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Do we own the legal rights to our recipes posted on 52?

I'm sure the aswer is somewhere on the site but I couldn't find it. Do we still own the rights to our recipes after they are entered onto 52? So we can use them in books or articles that we write?Thnx much.

asked by LE BEC FIN over 6 years ago

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10 answers 1745 views
LE BEC FIN
added over 6 years ago

perfect. th you!

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Panfusine
added over 6 years ago

There was a wonderful post regarding this from Food52, very clearly explaining the legal details in layman language.. Yes, we do retain full ownership of our recipes, but by posting them, we also grant F52 the rights to share them on other sites w/o any expectation of getting compensated. & yes, if you want your recipe to be taken down for any reason, they're very co-operative about it.

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Kristy Mucci
Kristy Mucci

Kristy is an expert at making things pretty and a former Associate Editor of Food52.

added over 6 years ago

Hey there, LE BEC FIN. Questions like this are best directed to [email protected] -- we're here and happy to help answer any questions like this.

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cranberry
added over 6 years ago

Well but then the answer isn't shared openly like this one was, correct? I was curious about this and I'm sure others are too.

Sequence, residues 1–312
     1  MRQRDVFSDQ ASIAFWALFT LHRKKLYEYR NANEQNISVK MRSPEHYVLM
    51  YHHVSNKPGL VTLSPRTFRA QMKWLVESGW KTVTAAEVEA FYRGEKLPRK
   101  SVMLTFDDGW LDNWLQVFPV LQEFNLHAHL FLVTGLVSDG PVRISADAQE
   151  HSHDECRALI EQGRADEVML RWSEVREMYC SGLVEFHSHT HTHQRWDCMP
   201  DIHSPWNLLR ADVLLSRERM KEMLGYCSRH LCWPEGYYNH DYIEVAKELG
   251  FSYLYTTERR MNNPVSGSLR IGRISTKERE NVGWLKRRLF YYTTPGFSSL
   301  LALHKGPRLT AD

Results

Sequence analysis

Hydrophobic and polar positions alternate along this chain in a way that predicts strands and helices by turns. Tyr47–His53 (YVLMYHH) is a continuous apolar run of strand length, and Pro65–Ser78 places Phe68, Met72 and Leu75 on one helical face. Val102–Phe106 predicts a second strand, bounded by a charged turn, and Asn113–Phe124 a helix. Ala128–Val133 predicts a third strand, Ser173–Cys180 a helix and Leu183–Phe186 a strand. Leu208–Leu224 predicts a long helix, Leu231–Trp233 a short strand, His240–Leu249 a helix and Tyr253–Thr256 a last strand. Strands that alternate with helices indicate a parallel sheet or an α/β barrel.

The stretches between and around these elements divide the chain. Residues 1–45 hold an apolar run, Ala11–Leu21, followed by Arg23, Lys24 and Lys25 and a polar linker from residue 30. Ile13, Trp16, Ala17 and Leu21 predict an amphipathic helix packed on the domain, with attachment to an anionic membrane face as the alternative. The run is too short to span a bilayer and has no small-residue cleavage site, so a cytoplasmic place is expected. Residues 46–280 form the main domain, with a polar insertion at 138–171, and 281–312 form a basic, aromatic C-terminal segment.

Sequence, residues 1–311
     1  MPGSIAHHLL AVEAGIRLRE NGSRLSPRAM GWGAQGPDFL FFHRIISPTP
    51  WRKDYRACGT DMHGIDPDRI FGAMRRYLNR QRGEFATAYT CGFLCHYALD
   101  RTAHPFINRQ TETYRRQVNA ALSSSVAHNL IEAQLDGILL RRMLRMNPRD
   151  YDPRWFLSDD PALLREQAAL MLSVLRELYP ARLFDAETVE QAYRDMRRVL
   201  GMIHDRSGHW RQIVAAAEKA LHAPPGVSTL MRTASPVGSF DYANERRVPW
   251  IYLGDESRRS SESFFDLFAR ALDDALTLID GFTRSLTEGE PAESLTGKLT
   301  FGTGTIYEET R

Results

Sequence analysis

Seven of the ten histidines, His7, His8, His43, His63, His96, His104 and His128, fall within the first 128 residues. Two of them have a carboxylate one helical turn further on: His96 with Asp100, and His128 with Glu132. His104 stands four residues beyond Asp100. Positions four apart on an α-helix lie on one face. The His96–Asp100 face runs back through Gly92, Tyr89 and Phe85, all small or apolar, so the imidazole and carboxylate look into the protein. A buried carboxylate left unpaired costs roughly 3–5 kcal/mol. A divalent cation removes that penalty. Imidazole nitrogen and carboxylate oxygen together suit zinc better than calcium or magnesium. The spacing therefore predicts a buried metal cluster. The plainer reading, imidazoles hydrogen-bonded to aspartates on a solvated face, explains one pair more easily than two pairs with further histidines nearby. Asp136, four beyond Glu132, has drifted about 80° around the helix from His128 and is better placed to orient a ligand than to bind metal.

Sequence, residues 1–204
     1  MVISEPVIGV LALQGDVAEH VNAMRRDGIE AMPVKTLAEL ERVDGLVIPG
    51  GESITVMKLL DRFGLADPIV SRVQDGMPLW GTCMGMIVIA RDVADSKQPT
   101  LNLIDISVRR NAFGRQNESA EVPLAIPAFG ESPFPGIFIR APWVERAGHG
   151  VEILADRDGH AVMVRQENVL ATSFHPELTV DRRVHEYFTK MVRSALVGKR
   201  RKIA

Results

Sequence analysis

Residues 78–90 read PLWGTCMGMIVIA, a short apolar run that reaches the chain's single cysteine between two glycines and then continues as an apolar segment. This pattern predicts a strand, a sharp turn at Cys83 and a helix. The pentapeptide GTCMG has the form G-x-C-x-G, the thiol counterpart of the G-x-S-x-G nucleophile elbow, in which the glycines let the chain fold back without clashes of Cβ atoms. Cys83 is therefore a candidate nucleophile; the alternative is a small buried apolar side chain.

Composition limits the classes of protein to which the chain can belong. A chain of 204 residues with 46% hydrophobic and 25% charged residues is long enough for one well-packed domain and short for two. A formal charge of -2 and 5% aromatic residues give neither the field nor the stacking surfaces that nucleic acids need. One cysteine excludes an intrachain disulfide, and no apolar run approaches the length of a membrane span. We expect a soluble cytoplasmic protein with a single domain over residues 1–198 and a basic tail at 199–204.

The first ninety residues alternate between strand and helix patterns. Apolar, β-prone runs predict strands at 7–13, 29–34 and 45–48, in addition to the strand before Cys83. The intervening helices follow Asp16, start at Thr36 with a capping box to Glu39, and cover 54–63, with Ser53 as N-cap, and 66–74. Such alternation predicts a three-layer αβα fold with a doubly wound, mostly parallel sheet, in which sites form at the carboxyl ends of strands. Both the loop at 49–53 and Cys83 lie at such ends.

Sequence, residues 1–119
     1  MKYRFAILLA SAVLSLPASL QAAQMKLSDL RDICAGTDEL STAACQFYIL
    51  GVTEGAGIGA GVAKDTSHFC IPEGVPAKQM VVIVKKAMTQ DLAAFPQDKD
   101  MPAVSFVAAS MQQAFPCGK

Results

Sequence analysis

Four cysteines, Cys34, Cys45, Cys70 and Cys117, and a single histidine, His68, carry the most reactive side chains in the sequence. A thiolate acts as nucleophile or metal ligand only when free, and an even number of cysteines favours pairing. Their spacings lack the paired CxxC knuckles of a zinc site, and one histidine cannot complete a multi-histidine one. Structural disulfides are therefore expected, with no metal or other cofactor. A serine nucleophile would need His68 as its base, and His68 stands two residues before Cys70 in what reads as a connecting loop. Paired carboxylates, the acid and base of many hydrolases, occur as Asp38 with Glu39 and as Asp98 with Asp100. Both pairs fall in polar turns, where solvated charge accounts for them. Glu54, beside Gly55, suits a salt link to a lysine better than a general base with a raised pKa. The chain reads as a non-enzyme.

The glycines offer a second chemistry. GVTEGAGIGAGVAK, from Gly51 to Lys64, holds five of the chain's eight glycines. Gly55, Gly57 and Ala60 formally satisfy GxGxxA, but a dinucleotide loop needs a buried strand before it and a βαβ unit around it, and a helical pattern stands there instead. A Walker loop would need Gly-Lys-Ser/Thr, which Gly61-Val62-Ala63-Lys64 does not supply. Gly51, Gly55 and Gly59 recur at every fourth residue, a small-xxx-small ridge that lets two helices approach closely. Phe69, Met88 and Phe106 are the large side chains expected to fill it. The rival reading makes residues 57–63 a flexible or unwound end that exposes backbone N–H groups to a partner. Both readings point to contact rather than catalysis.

Panfusine
added over 6 years ago

there is some information right on the site about this, hope it helps
http://www.food52.com/home...

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petitbleu
added over 6 years ago

The tricky thing about recipes is that it's almost impossible to safeguard the rights to them. If you were to rip off someone's recipe word for word and try to make money on it, that individual could pursue litigation. However, if you were to take someone's recipe and alter it, whether by rewording it or by reworking it, that altered recipe would be yours and, most likely, no one would be the wiser.
This is largely due to the fact that many recipes are so similar--for instance, from chocolate chip cookie recipe to chocolate chip cookie recipe, there will usually be very minor differences, thus to claim that someone ripped off your chocolate chip cookie recipe, unless stolen verbatim, would be very hard to prove and even harder to pursue.
Not to ramble on too much, but as someone who works for cookbook writers, this issue is something that we come across a lot, or at least have to think about.

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pierino
pierino

pierino is a trusted source on General Cooking and Tough Love.

added over 6 years ago

Someone wiser than me once said, "cooks don't create. It's all been done before" [except maybe for Ferran Adria and his 'atelier']. Then there have been the David Ruggerios. The latter was not only a plagiarist but an incredibly stupid one. He was copying recipes almost word for word. As an added offense he was guilty of stealing from is customers' credit cards.

petitbleu
added over 6 years ago

Now that I read your question again, I see that my answer is slightly tangential. But this is something we all need to think about as crowd-sourcing and digitization of content become bigger and bigger issues.

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ChefOno
added over 6 years ago

Indeed. The line between "inspired by" and "stolen from" is fuzzier than a six month old block of cheese in the back of the refrigerator.

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